Scott Petito – Rainbow Gravity:
Here is a production of pure funk and contemporary musicality played by some of the top modern jazz players in the business. Scott Petito is a bassist, a composer, producer and engineer. This is his second recording as a leader and he has contracted a melting pot of world class musicians. You recognize their talent right away, from the first strains of “Sly-Fi”, one of nine compositions that Petito has written. He has a strong sense of melody. This tune sparks of fiery, punchy horn lines by Bob Mintzer on saxophone, with Petito’s bass, pumping up the band, locking in with Omar Hakim on drums and David Sancious on keyboard. David Spinozza adds guitar to complete this hot rhythm section. Bashiri Johnson fattens their sound with percussion. This tune is over seven minutes long, but I’m never bored for one second. The time changes and melodic intervals keep the music interesting.
Each tune features a different mix of characters, like short, on-stage vignettes. For the second cut, Petito invites Peter Erskine to the drum set, Rachel Z. is on piano and Chis Pasin masters the trumpet. Titled “The Sequence of Events,” Scott Petito adds a piccolo bass solo and Rachel Z is given ample opportunity to showcase her excellence on piano. All of Petito’s compositions are full of groove and embrace the smooth jazz idiom. Even when they settle down to a moderate tempo ballad like “A Balsamic Reduction,” they manage to inspire this listener to tap her toes. The difference between much of the smooth jazz I hear on the airwaves and this recording is that Petito is an awesome composer and has employed these stellar, Grammy nominated musicians to enhance his excellence. None of this music is repetitious or simplistic. The vibraphone solo of Mike Mainieri during this lovely tune is pleasant to the ear and adds to this production. Simon Phillips mans the drums and David Spinozza shines on his guitar solo. Scott Petito covers all bases, incorporating styles. This may be contemporary jazz, but every one of these players know how to produce straight-ahead jazz and are masters in their own right. You hear a sample of this diversity on “The Sanguine Penguin” where Bob Mintzer celebrates his saxophone skills with gusto and where Scott Petito walks (or should I say ‘runs’) his bass lines beneath this production like raging waters. Simon Phillips is given a space to solo on drums, showing off mean technique. This is a recording project burning with talent and excitement. It’s beautiful music with memorable arrangements. There is not one bad tune on this entire recording. Perhaps Petito summed his project up the best when he explained:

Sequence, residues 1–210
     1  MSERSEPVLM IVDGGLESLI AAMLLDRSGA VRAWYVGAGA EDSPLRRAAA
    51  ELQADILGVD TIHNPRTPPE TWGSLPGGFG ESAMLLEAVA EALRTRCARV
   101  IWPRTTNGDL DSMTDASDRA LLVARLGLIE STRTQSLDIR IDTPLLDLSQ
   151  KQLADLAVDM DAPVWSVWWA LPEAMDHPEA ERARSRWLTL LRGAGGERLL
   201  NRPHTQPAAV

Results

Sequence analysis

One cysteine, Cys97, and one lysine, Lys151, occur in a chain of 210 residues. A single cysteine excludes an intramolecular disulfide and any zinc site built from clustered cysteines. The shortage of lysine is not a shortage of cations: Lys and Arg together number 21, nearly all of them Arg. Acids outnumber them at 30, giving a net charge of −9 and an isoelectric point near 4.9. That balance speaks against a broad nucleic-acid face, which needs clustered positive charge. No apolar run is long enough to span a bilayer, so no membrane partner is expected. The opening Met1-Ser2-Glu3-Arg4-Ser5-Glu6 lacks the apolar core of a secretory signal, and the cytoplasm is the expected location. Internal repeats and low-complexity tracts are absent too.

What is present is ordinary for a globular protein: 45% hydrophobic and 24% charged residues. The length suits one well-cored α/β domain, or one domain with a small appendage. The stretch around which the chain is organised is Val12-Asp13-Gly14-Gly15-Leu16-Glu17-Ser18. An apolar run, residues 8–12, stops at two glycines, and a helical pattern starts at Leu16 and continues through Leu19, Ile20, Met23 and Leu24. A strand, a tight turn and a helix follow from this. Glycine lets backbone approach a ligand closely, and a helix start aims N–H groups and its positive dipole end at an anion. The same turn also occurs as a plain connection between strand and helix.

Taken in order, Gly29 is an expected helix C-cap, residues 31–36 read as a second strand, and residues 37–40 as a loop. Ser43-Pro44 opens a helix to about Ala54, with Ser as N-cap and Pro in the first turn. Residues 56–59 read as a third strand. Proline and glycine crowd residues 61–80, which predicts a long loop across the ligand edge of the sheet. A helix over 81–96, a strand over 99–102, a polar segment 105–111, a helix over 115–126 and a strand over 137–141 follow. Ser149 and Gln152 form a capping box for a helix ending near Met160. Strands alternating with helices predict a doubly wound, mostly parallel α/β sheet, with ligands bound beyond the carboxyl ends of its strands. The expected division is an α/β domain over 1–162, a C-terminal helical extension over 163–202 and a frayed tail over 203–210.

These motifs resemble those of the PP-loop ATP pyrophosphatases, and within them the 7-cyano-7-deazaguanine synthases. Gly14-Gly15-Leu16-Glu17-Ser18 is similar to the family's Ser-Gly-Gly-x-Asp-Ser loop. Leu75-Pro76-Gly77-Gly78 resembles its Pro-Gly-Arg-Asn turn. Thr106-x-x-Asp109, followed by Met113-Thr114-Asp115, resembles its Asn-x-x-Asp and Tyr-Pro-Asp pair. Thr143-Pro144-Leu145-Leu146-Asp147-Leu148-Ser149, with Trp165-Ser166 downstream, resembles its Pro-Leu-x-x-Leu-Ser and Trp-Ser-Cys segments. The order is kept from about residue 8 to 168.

“The experience of playing and listening to music can suspend us and yet at the same time sweep us away to new places with infinite possibilities. That relationship between music and our very essence of being, always struck me as the most human of experiences.”
On” Dark Pools,” utilizing the great Jack DeJohnette on drums and Petito on NS bass, cello and loops, Scott Petito expands his sense of music and stretches our imaginations. Petito’s music is provocative.
The title of Petito’s CD is meant to further describe Scott Petito’s musical goals. What I learned from the liner notes is that “Rainbow Gravity” is actually a theory and a concept in quantum physics. It contradicts the Big Bang Theory and asks humanity to consider that time stretches back infinitely and continues on endlessly. As a bassist and stellar composer, Scott Petito endeavors to create a sense of timelessness in his music. At the same time, he’s striving to capture a feeling that could very well continue on forever. To me, “Dark Pools” exemplifies some of this magical music and the composer ‘s forward-thinking mindset.
Jeff “Siege” Siegel Quartet – London Live
This project opens with a striking drum solo. The tune is smoky; sultry; straight ahead! A sexy saxophone sings and a piano solo lifts tenor saxophonist, Erica Lindsay’s composition titled, “Meet Me at the Station.” to an exulted level. This group brings back memories of John Coltrane. Speaking of which, when I finally did get to overview the album credits, their third cut is the Coltrane composition, “Peace on Earth.” I was driving to a gig when I first listened to this album. Immediately, I noticed the excitement and technical ability of the drummer. He takes an outstanding solo on this first tune and always keeps pushing the musicality; coloring the phrases and supporting the various players with solid rhythm, but even more-so, with carefully placed licks of percussive encouragement. I could not wait to park my car, so I could read the liner notes and see who the players were. Sure enough, it’s the drummer’s quartet, and a magnificent ensemble it is! This is a ‘Live’ recording; a concert at the Pizza Express Jazz Club in London. It was the culmination of a European tour of Germany and Austria. You can hear the tightness and precision of this group, but also the freedom that comes from trusting your musical peers and being familiar and comfortable with each other. This is jazz at its best; Live! Uninhibited and formidable.
It’s the Jeff Siegel Quartet’s fourth album and their second live recording. Six of the eight songs are original compositions written by tenor saxophonist, Erica Lindsay, pianist, Francesca Tanksley and their leader, Jeff Siegel. Every song on this recording is excellently played and memorable. If I were giving out stars as praise, I would shower all the stars in our universe upon this project. Had I not been driving, I would have given this group a standing ovation.